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January 16, 2023

Podcasts get Africans talking on partnership

By Otiato Opali, Nairobi, Kenya. First published in China Daily

With increasing interaction and exchanges between Africa and China in different fields, bilateral relations have been a popular topic for discussion in various African media in recent years.

In addition to conventional media such as newspapers and television, podcasts have proved to be the new platform for constructive dialogue that increases mutual understanding between people in China and Africa.

Josephine Karianjahi, an international development consultant and podcast host from Kenya, said podcasts are taking root in the online scene in Africa, and African-produced podcasts have been around for over a decade. However, their numbers have grown steadily over the past five years.

"When we look back at the history of podcasting in Africa, we will see 2020 as a year of African podcast launches and a substantial rise in interest in African podcasting. Significant work and life changes due to the COVID-19 pandemic meant that more producers could carve out time to create and tell stories through podcasts," Karianjahi said.

This new platform has provided an opportunity for people across Africa to constructively discuss issues affecting China-Africa relations. In a 51-minute podcast aired recently by one of the leading podcasts on China-Africa relations, The China in Africa Podcast discussed the United States and China's technology competition in Africa.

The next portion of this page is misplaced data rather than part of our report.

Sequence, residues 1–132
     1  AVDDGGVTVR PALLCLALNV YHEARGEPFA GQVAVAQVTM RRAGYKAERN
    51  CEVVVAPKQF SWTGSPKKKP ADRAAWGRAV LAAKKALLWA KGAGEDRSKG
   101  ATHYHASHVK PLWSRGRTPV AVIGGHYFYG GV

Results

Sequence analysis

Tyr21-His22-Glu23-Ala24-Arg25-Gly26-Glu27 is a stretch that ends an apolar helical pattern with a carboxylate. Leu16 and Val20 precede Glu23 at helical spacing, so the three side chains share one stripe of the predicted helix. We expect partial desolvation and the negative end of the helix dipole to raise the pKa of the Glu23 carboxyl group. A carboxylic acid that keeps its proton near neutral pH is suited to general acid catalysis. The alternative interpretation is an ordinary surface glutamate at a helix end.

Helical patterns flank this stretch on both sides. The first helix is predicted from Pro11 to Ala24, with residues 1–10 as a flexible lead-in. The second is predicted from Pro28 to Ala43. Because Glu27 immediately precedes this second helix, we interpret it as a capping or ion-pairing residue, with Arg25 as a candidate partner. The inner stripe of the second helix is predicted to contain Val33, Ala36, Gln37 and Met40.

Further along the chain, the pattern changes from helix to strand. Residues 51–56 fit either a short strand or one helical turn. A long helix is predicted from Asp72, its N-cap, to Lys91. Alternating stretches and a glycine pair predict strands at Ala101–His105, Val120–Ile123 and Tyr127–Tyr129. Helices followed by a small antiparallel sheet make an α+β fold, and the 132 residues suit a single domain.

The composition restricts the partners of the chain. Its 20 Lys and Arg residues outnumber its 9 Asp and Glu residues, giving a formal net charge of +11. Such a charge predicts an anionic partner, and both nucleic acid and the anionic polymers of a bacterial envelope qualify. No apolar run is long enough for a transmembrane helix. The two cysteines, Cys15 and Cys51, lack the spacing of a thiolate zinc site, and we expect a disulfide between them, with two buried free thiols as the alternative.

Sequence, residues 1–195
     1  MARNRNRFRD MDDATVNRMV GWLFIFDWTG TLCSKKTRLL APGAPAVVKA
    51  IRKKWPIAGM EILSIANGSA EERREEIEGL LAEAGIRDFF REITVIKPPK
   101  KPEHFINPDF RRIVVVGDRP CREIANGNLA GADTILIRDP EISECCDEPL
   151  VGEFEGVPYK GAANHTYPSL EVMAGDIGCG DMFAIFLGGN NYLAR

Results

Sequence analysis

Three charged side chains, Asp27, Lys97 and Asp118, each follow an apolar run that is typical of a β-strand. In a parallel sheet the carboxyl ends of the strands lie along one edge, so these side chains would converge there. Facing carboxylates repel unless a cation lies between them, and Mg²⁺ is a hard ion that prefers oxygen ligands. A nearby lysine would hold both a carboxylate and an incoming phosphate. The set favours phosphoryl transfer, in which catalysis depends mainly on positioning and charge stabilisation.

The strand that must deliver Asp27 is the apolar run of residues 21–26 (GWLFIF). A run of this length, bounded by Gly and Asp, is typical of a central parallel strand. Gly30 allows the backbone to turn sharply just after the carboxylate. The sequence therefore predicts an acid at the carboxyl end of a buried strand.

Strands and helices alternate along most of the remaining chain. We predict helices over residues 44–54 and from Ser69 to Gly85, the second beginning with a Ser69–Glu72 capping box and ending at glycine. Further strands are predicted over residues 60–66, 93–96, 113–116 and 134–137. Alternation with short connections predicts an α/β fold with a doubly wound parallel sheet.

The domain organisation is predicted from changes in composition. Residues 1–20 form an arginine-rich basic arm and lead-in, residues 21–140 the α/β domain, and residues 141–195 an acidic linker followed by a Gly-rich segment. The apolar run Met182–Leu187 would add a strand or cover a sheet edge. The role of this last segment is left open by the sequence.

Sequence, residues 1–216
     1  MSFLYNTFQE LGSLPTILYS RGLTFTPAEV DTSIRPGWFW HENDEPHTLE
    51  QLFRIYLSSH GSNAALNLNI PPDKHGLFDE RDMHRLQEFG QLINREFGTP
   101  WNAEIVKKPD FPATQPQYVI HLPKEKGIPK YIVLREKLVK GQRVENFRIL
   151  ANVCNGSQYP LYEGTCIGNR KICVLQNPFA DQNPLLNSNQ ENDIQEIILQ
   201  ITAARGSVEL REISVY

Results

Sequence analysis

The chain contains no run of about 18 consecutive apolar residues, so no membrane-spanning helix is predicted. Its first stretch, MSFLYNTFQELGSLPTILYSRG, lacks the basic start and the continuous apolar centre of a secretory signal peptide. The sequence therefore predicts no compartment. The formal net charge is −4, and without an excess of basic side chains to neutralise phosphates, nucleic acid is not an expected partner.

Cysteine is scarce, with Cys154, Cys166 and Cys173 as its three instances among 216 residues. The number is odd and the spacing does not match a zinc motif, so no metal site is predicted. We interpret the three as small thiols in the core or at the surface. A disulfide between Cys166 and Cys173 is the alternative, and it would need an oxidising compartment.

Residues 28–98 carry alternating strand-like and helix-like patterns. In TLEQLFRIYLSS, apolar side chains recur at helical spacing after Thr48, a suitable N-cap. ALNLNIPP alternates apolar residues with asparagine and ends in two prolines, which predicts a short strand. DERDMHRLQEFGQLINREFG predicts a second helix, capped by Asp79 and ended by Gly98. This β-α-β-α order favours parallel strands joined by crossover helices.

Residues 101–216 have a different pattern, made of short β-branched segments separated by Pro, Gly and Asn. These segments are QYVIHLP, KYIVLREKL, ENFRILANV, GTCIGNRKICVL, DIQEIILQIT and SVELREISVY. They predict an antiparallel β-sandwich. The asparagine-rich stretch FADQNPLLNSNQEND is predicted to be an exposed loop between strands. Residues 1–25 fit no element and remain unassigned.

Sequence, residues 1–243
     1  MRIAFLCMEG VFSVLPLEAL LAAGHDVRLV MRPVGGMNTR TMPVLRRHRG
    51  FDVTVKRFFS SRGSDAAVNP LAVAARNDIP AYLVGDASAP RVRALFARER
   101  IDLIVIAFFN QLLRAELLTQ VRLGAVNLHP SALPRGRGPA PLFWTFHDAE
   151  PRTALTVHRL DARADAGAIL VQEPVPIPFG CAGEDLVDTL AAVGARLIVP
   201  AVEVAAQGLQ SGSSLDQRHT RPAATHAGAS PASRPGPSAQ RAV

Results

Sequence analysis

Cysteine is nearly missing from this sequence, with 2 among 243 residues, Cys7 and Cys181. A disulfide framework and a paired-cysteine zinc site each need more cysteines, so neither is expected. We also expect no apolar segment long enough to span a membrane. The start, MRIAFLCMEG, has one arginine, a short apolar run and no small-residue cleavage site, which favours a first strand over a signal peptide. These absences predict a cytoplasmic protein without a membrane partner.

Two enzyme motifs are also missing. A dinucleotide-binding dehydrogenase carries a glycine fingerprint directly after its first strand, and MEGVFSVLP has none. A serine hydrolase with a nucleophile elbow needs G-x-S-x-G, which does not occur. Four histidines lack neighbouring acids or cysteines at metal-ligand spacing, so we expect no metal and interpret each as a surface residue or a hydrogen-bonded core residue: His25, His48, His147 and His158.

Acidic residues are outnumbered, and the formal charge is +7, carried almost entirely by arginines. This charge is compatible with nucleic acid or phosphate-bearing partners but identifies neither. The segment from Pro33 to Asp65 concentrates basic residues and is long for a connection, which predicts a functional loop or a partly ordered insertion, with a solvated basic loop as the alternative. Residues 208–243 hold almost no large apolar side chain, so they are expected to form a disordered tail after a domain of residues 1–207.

"The US is finding it hard to convince countries like those in Africa to join in its technological war against China and we fear the US might start arm-twisting African nations through instruments like trade restrictions to attain compliance," Cobus van Staden, a managing editor based in South Africa, said during the podcast.

Broad cooperation

"Despite saying they are not forcing people to choose, the US is not ready to accommodate countries that, for example, work with Huawei systems. However, a company like Huawei is partnering with African countries beyond technology to areas like renewable energy and this is where the US overtures are self-defeatist."

Another popular podcast is the China Africa Talk, a weekly podcast dedicated to bringing a better understanding of what is happening on the African continent and in China from both the African and Chinese perspectives.

Earlier this month, one podcast episode looked at the cooperation between Chad and China from the perspective of a Chadian student. This was held as this year marks the 50th anniversary of China-Chad diplomatic relations.

In a special live podcast hosted by the Africa-China Reporting Project, which is part of the Wits Centre for Journalism at the University of the Witwatersrand in South Africa, a panel of journalists and analysts explored emerging trends and myths in China-Africa relations.

In the podcast, panelist Sisi Mi, a China-based researcher and data journalist, said the way Africans are seen on Chinese social media has evolved over the years and many Chinese see Africans as resilient and hardworking. Success stories about China-Africa partnerships are also making their way into the conversation.

Karianjahi, who mainly runs podcasts on issues affecting women, said though it is at the nascent stage, the growth of podcasts in Africa is unstoppable.

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